Flashcards in Chapter 5: Efficiency CBA Part 2: Distortionary vs corrective taxation; Opportunity cost of public funds Deck (18):
How do taxes and subsidies change economic behaviour?
A tax (subsidy) on a commodity reduces (increases) quantity traded in the market place
Moves the economy further away from MSB=MSC
- We usually assume taxes/subsidies to be distortionary
Designed to counter the negative effects on the efficiency of resource allocation resulting from missing/incomplete markets
A corrective tax (subsidy) is intended to discourage (encourage) an activity that is at too high (low) a level as a result of market forces
Does the efficiency CBA shadow pricing rule apply to both distortionary and corrective taxes/subsidies?
Only distortionary taxes or subsidies
If a corrective tax (subsidy) is at the efficient level...
It is equal to the marginal external cost (benefit)
Efficiency shadow pricing rule: corrective taxes/subsidies
- SUPPLY CURVE: - satisfies existing demand from alternative source; satisfies additional demand
- DEMAND CURVE: - sourced from alternative market use; sourced from additional supply
How can we tell whether an output (input) satisfies additional demand (represents additional supply) or replaces existing demand (is sourced from existing supply)?
In the absence of information to the contrary, assume additional demand/supply
How can we tell if a tax/subsidy is distortionary or corrective?
In the absence of information to the contrary, assume distortionary
Two reasons why the market rate of interest may not be a good indicator of efficiency price/opportunity cost of capital from a public sector/social viewpoint
- The social discount rate may be lower than the market rate of interest
- The marginal cost of public funds may exceed unity (i.e. $1 of public funds costs more than $1)
Why does the market discount future benefits and costs?
- Impatience: people value utility today more highly than utility tomorrow
- Diminishing marginal utility of consumption: people expect to be wealthier in the future. An extra $1 in the future will add less to utility than an extra $1 today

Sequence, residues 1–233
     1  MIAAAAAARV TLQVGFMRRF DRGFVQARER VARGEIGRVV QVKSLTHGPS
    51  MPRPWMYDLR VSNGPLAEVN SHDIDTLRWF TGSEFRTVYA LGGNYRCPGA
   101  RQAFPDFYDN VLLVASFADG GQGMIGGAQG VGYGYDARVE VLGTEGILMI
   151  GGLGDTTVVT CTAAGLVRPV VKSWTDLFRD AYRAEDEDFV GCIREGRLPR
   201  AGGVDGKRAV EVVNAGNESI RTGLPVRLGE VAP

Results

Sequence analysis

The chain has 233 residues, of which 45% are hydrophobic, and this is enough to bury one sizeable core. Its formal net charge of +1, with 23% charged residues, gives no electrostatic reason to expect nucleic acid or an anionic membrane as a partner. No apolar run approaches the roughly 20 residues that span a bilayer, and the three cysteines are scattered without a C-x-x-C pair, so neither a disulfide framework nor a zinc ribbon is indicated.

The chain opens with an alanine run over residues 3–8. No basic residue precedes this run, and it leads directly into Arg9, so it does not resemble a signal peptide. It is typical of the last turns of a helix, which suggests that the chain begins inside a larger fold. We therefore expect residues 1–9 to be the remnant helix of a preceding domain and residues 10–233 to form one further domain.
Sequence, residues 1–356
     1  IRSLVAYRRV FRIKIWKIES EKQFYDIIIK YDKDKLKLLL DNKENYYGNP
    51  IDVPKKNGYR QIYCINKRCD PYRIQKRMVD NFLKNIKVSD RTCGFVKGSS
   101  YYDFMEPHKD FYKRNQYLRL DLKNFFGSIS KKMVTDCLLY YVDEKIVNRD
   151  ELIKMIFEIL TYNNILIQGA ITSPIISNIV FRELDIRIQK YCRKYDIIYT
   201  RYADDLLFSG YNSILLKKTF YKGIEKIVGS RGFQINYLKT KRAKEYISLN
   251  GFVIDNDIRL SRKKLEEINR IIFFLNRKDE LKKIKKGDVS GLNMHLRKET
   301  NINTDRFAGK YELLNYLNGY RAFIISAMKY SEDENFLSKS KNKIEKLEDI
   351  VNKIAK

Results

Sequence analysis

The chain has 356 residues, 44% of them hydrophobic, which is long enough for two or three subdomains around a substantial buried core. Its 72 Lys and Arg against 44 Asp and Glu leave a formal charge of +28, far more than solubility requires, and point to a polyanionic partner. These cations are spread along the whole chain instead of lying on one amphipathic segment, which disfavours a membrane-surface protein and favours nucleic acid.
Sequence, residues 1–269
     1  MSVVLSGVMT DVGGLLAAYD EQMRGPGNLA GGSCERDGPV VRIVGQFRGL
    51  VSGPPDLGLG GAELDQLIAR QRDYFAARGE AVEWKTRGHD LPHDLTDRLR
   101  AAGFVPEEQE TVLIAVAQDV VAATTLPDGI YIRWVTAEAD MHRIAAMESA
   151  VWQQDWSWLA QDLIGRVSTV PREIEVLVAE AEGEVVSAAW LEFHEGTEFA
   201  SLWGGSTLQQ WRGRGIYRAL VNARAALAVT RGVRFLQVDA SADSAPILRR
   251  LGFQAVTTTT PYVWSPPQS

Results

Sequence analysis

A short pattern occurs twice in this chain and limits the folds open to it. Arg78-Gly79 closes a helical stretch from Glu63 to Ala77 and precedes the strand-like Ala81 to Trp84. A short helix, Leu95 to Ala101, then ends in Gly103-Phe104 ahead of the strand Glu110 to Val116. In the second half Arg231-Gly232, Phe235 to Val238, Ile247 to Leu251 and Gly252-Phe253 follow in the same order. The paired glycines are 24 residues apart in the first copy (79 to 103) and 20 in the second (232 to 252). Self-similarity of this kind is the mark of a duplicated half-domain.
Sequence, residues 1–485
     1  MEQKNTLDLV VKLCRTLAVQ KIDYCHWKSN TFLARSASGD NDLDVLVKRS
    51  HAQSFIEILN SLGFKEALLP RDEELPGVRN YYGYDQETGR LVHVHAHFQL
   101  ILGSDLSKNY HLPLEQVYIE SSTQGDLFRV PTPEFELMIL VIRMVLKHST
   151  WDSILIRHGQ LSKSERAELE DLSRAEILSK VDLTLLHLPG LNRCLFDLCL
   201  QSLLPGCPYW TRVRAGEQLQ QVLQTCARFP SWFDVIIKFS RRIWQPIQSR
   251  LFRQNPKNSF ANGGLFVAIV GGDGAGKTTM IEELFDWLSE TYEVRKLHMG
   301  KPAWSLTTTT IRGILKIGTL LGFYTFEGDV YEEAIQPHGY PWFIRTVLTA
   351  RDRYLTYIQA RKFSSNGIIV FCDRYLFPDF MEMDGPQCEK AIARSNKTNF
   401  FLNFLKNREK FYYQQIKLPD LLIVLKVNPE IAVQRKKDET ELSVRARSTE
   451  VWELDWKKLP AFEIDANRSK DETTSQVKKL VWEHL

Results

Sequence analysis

The observed market interest rate
Is the sum of the utility discount factor (reflecting impatience) and the utility growth factor (reflecting diminishing marginal utility of consumption)
Why do people argue that a social discount rate, lower than the market rate of interest, should be used?
We shouldn't discount utility of future generations who are not able to participate in markets which determine levels of current investment, and hence future utility levels
What is the appropriate discount rate for public projects?
- Reasonable to employ a utility growth factor -> If future generations are going to be wealthier, we should take this into account
- Not reasonable to employ a utility discount factor -> we should not treat the utility of future generations as any less important than the present generation
Raising public funds to undertake public investment projects involve three types of costs
- Collection costs: cost of running the tax office
- Compliance costs: costs incurred by taxpayers
- Deadweight loss: costs of misallocation of resources as people respond to prices distorted by taxes
Why can compliance and collection costs be ignored?
- Largely fixed - they do not change when he amount of tax collected changes by a small amount
- Any given project will involve relatively small changes in the flow of public funds
What happens to the amount of deadweight loss when the amount of public funds raised changes?
The amount of deadweight loss tends to rise (fall) as the amount of public funds raised rises (falls)
A project which requires additional public funds...
Imposes an additional deadweight loss to the economy